Nikon 85 1.4
Nikon 60 2.8 macro
Nikon 35 2
Nikon 24 1.4
Nikon fish
2x SB-800
Spider Holster
2x 32gb Sandisk cards (I shoot RAW images in slot one on these cards)
2x 8gb Sandisk cards (I shoot backup JPG images in slot two on these cards)
4x 8gb Sandisk cards (backup cards)

I travel to most of my weddings and I photograph 75% of them by myself, so I have selected a kit that is lightweight and easy to transport. I shoot all primes, so that helps cut down on the size and weight of my bag as well.



My Bag to carry equipment is Crumpler the eight million dollar home.
It’s awesome for me, in that it does not look like a camera bag. I hate traveling with a bag that screams ‘expensive equipment in here’. Also, it’s a funky color, which I adore. Don’t like black bags .. boring! This bag is easy to carry around through airports, on subways, on trains, in cars. It fits in practically every overhead bin on a plane I’ve been on (with the tin can planes I just ask them if I can store the bag in the back of the plane, not in the wing, since it’s pricey equipment. They have never said no. Just be nice!)

The bag I wear while shooting is a Shoot Sac. It’s a simple shoulder bag, which I can carry a couple of lenses, flash, extra batteries for camera & flash, cords, gum, lip gloss and maybe a cereal bar or two. I don’t want a lot weighing me down, and this bag is easy enough to take off when I want in order to ditch the weight.

However, I always carry my think tank pixel pocket rockets (x2) on the Shoot Sac, clipped to the strap so they can’t fall off. If I EVER take the bag off, the card carries are removed and clipped to my person. Those cards go everywhere with me. I have one card case for unshot cards and the other for shot cards. I have a pretty specific system. Unshot cards are face up in the card case, shot cards go face down in the case. I will NEVER shoot on a card that is face down … no matter what. I have a spare Think Tank case in my Crumpler with some 2 gig cards as back up. No deleting in camera, no shooting on questionably cards. Ever. Never. No.

2 Nikon D3 bodies
1 28mm 1.4 Nikkor lens
1 50mm 1.4 Nikkor lens
1 85mm 1.8 Nikkor lens
(all lenses are D/AF)
2 SB800s
1 sd-8a battery pack
1 Vivitar 285 (for back up)
3 Pocket Wizard Tranceivers w cords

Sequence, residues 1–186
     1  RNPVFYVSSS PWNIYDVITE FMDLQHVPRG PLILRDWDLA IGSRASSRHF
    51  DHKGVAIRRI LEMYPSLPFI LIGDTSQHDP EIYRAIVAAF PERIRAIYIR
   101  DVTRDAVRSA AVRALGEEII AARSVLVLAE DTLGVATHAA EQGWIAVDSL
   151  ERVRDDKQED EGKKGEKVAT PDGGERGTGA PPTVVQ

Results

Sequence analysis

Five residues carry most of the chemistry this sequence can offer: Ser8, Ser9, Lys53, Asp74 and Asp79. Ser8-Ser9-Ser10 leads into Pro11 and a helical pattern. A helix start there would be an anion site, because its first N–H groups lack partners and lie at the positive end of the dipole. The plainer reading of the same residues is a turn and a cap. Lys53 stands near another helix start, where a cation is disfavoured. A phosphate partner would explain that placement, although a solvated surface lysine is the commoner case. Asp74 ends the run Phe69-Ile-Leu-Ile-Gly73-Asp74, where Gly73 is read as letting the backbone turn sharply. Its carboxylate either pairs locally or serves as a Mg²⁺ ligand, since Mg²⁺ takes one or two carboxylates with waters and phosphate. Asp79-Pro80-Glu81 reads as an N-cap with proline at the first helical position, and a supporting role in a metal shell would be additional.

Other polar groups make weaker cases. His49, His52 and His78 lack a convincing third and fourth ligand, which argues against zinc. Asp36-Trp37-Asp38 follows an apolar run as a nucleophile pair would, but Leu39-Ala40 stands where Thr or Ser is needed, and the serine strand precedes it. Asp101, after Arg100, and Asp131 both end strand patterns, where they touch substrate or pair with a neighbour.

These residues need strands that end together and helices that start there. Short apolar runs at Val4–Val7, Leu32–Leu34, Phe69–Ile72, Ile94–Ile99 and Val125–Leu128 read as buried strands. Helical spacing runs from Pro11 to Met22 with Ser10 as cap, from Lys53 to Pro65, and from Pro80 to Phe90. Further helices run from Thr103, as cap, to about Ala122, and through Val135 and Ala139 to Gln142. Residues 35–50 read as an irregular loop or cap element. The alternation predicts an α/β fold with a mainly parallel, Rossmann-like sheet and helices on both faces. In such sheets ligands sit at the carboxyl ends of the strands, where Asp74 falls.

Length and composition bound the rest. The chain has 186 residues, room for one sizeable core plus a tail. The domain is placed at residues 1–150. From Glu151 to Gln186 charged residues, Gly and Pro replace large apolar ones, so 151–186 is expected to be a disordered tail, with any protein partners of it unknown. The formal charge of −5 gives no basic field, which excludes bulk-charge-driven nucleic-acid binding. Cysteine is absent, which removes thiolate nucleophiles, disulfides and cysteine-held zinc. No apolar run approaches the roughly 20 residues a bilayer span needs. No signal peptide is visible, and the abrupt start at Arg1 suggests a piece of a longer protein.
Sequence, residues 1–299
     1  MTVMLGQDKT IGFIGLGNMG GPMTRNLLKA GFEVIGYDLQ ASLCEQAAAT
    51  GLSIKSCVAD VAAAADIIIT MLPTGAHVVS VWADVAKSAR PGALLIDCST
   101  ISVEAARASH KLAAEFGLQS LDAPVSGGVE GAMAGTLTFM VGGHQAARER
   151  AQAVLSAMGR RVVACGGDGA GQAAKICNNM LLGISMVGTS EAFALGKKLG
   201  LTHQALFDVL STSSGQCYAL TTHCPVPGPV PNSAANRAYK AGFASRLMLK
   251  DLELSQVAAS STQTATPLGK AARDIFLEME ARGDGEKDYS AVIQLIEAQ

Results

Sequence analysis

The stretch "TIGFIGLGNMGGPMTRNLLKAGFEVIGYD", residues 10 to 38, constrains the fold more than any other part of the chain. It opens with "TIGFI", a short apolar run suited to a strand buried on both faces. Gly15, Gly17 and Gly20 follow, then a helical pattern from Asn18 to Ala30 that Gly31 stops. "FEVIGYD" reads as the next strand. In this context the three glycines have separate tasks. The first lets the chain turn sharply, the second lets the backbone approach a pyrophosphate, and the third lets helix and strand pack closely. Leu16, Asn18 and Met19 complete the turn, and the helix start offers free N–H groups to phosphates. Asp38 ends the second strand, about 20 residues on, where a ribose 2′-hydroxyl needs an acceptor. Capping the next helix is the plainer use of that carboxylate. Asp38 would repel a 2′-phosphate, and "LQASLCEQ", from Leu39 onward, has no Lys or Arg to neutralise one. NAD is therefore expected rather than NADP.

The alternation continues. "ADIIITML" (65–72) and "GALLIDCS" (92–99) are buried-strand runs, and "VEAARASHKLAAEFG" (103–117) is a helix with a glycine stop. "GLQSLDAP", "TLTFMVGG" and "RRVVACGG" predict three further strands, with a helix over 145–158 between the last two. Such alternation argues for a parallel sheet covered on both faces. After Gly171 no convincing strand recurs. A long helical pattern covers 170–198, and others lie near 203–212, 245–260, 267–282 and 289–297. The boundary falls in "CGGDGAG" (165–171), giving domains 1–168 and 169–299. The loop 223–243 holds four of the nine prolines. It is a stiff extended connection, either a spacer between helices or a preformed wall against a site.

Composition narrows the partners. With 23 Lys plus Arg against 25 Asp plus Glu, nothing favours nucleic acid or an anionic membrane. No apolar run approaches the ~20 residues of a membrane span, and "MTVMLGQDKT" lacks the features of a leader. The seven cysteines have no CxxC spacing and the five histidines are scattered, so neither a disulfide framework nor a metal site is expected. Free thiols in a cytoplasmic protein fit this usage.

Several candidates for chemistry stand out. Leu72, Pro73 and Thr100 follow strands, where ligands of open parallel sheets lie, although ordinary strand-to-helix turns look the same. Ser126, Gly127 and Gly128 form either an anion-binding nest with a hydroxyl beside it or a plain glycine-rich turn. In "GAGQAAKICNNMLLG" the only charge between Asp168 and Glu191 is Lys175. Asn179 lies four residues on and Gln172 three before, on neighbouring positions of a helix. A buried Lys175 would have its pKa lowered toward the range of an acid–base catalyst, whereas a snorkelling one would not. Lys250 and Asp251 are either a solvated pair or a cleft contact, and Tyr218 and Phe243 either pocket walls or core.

Not shown:

light stand(s)
2 sc-29 cords for off camera flash work
back up bag with camera body d300, extra flash, aa batteries,
sigma 15mm, manual nikkor 105 2.5
sometimes i carry my holga with me just in case i’m in the mood

I want my gear to be simple, easy. If I over complicate, I can’t think. I need it to be easy to travel with, quick to pack up. I don’t want to be shuffling loads of bags and gear around. I work alone and need to be able to handle whatever I bring in. I shoot with only primes, 3 tops. I typically stick with the 28 and 85 all day long. My flash is for off camera, however I’ll use my flashes however I need to to get the shot. I’ll use all my gear however I need to in order to get the shot.
But simple is key for me.
K.I.S.S. :)


I either shoot zooms or primes, depending on my  mood, the location, and feel.  I leave a reception bag in the car, my Tamrac, with lighting equipment  – flashes, light stands, Radiopoppers, batteries.

Epiphanie Belle bag, comfort, style and function. Love it.
Tamrac 3380 Aero 80 Photo Laptop Backpack, cushy and just the right size for traveling with my 17″ MacBook Pro.

Bodies :
two D3, one D700 backup that stays in the car

Lenses :
Nikon 24 F/1.4G
Sigma 50 F/1.4 EX DG HSM
Nikon 60 F/2.8G ED Micro
Nikon 85 F/1.4G
Nikon 24-70mm F/2.8G
Nikon 70-200mm F/2.8G VR

SpiderPro Holster System
Think Tank Pixel Pocket Rocket with 12 CF cards 4-16GB
Powerizer batteries
backup camera batteries

3 – sb-800
sd-8a battery pack
Radiopopper JrX system

2- Impact lightstands (in the car)
business cards and reception cards


The Wedding Photojournalists’ secret

March 16th, 2011  |  by  |  published in Featured, Shoot

My little secret: The go-to bouquet shot

I pride myself as a photojournalist and on approaching every wedding uniquely. For the most part, I do. But every now and then, I find myself pulling an old favorite out of my quiver of ideas and employing the “Go-To” shot.

One of these go-to shots happens to be my favorite bouquet shot. I take the bouquet from the bride, direct the bride and groom to practice their first dance, lie the bouquet on the ground in some nice light, lie on the ground myself and presto, ten seconds and I have a very interesting photo of the bouquet. I do have some non-traditional couples, but almost of them do some type of first dance. Spending a few minutes “practicing” takes their mind off of me and gives them a chance to just connect with each other.

It makes for a nice environmental photo of their bouquet that that lends itself to a wall hanging and also makes a fantastic scene setter for opening the wedding album.


What are your go-to shots??


7 Quick tips to Git R Done

March 9th, 2011  |  by  |  published in Featured, Shoot

I am a world class procrastinator, but I love being self-employed. So, I trick myself into getting things done. Here are some of my strategies:

1) I recommend the productivity method Getting Things Done by David Allen. The basic premise is to collect all of your to-dos and put them in a big inbox and then sort your tasks by the tool you need to use to get the job done. Then do the tasks using the same tool at once. Using the phone I make a dentist appointment, call my vendors, and call my mom. When I get in the car, I get what I need for the post office, the grocery store and the print order for my favorite venue. The book has a detailed step by step process and is my go-to system for when I get really overwhelmed. Check it out of your library.

2) Fifteen minutes a day: this is a technique I use when I have a massive job with lots and lots of steps that I desperately don’t want to do. Organizing for my taxes comes to mind. When I’m ready to quit work for the day, I put in my 15 minutes. Often fifteen minutes is just enough to get organized: I shuffle papers and figure out my starting point. I might come up across a problem in the fifteen minutes that I can’t figure out. In the following 24 hours, I usually figure out a solution or figure out who to ask for help, and I can bite off another chunk.